Despite sweating through a post-earnings slump, Under Armour scored a moral victory this week: The sportswear company was invited to join the prestigious S&P 500.
That puts it in the ranks of the largest largest companies on U.S. stock exchanges -- call it the "varsity league" of stocks.
Under Armour ( stock has been on the kind of winning streak that the Yankees would envy. It has skyrocketed 850% over the past half-decade. It will replace )Beam ( in the S&P lineup once the alcohol company's $13.6 billion buyout from Japan's Suntory Holdings is completed next week. )
But the Baltimore-based company didn't get much of a victory lap. Under Armour shares fell on Friday, which is somewhat unusual since new additions to the S&P 500 typically enjoy a bounce as funds that track the broad benchmark buy shares of the companies in the index.
The problem is the athletic-gear maker is a member of the "momentum crowd", a group of stocks that has quickly gone out of style on Wall Street as investors increasingly shift their money into stocks of more boring, but stable companies.
Under Armour experienced that shift first hand on Thursday, when the company's shares tumbled over 7% despite revealing a 73% leap in profits and indicting a lot of optimism about the rest of the year.
Still, the addition to the S&P 500 highlights the ability of Under Armour in recent years to challenge industry leaders Adidas ( and )Nike (, the latter of which was added to the even more exclusive Dow Jones industrial average in 2013. )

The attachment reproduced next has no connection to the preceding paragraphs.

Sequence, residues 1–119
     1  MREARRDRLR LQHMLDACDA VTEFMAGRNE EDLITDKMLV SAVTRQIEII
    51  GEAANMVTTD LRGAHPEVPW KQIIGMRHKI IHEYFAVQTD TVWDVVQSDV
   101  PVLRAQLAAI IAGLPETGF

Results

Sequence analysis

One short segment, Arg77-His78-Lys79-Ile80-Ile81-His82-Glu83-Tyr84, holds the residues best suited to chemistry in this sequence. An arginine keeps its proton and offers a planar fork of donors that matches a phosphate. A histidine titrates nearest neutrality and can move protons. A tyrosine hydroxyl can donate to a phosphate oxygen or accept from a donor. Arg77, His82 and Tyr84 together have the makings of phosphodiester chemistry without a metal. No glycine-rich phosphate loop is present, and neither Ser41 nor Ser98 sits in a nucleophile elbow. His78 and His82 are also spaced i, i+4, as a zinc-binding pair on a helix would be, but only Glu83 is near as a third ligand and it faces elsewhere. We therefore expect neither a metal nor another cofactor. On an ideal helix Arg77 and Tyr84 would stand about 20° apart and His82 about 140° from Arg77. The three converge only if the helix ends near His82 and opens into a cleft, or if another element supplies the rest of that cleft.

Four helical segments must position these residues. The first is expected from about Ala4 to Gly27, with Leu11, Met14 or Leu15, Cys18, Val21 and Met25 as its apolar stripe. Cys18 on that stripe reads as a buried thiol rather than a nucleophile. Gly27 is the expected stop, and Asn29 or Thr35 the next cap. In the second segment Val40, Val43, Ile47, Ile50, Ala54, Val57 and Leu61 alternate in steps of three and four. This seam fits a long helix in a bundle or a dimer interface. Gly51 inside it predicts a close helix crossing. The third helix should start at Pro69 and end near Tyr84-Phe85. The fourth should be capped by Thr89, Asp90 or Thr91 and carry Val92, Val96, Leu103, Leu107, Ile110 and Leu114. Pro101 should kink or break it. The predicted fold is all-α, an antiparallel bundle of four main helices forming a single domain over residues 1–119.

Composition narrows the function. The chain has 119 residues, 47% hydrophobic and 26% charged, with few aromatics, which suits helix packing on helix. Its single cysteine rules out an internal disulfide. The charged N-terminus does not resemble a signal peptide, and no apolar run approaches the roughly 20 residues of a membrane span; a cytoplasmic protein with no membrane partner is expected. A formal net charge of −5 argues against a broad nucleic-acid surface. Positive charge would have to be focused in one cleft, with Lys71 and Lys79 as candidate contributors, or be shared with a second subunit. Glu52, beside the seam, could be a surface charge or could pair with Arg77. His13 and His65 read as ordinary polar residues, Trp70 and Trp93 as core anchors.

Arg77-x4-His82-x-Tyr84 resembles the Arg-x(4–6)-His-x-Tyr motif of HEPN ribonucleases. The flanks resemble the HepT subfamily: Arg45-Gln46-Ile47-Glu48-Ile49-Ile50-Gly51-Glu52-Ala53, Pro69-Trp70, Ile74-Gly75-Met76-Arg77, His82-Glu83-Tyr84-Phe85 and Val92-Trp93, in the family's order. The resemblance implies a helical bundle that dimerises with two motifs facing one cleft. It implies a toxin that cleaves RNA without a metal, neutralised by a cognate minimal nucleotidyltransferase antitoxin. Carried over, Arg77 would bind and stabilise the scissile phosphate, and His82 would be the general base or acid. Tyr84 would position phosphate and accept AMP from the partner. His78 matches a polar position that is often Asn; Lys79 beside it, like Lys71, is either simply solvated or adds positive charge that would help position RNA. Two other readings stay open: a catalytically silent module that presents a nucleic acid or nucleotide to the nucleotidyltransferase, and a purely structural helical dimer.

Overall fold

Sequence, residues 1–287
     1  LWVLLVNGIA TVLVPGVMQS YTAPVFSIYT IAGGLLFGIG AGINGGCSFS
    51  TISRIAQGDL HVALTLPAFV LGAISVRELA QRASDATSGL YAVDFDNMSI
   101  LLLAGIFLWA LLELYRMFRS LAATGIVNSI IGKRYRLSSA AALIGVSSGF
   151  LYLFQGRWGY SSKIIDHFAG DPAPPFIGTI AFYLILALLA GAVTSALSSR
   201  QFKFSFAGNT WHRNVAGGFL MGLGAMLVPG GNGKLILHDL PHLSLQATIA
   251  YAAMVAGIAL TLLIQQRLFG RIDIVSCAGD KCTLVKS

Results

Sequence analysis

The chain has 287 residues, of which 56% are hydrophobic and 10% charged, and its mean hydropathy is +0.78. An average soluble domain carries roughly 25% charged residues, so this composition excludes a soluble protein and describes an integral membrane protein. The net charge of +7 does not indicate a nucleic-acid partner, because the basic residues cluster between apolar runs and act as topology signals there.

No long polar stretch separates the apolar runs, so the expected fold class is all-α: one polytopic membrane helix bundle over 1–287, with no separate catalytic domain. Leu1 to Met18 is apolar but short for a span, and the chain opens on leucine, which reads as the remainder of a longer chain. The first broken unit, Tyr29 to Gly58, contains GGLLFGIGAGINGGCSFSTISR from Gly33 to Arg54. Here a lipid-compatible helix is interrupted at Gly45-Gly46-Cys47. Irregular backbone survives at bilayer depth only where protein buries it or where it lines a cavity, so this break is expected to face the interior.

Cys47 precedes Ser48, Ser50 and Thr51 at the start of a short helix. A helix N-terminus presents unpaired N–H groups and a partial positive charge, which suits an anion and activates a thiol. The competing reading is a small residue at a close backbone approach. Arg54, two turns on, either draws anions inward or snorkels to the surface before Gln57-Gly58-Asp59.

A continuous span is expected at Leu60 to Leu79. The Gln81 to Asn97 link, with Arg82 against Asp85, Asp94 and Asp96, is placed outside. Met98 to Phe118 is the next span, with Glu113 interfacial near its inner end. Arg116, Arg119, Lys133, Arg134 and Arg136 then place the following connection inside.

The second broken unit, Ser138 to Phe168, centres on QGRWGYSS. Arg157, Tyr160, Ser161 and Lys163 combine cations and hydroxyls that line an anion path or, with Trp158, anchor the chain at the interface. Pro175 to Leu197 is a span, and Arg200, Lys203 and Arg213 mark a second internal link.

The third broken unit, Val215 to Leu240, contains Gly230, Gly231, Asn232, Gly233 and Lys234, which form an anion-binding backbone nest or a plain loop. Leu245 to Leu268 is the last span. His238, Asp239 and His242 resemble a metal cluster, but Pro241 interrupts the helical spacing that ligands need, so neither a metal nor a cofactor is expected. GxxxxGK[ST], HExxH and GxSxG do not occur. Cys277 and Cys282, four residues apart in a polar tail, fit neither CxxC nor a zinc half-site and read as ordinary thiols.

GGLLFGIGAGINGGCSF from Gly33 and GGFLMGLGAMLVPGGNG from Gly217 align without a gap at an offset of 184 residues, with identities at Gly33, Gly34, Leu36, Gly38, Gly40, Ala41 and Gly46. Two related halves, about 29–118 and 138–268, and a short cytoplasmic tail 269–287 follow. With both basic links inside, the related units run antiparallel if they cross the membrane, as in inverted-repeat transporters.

Under Armour sports strong profit margins and impressive growth overseas, where sales surged 92% in the first quarter from the year before. The company has also boosted sales by expanding into new categories, including hunting and golf.
Earlier this year, Under Armour scored a 10-year deal to become the official sports apparel outfitter of Notre Dame's varsity teams. Terms were not disclosed but the blockbuster deal is estimated to be worth around $100 million.
So far Under Armour has been able to weather the storm stemming from the Winter Olympics, where the U.S. speed-skating team blamed the company's high-tech suits for slowing them down in Sochi. The speed-skating team even extended its exclusive contract with Under Armour.
Shares of Under Armour fell over 1.5% on Friday, trimming their 2014 gains to below 15%.
On the other hand, LinkedIn ( dropped about 5% as the professional social network was snubbed from the S&P 500 despite ample speculation earlier in the week that it would get the bid to join the lineup. )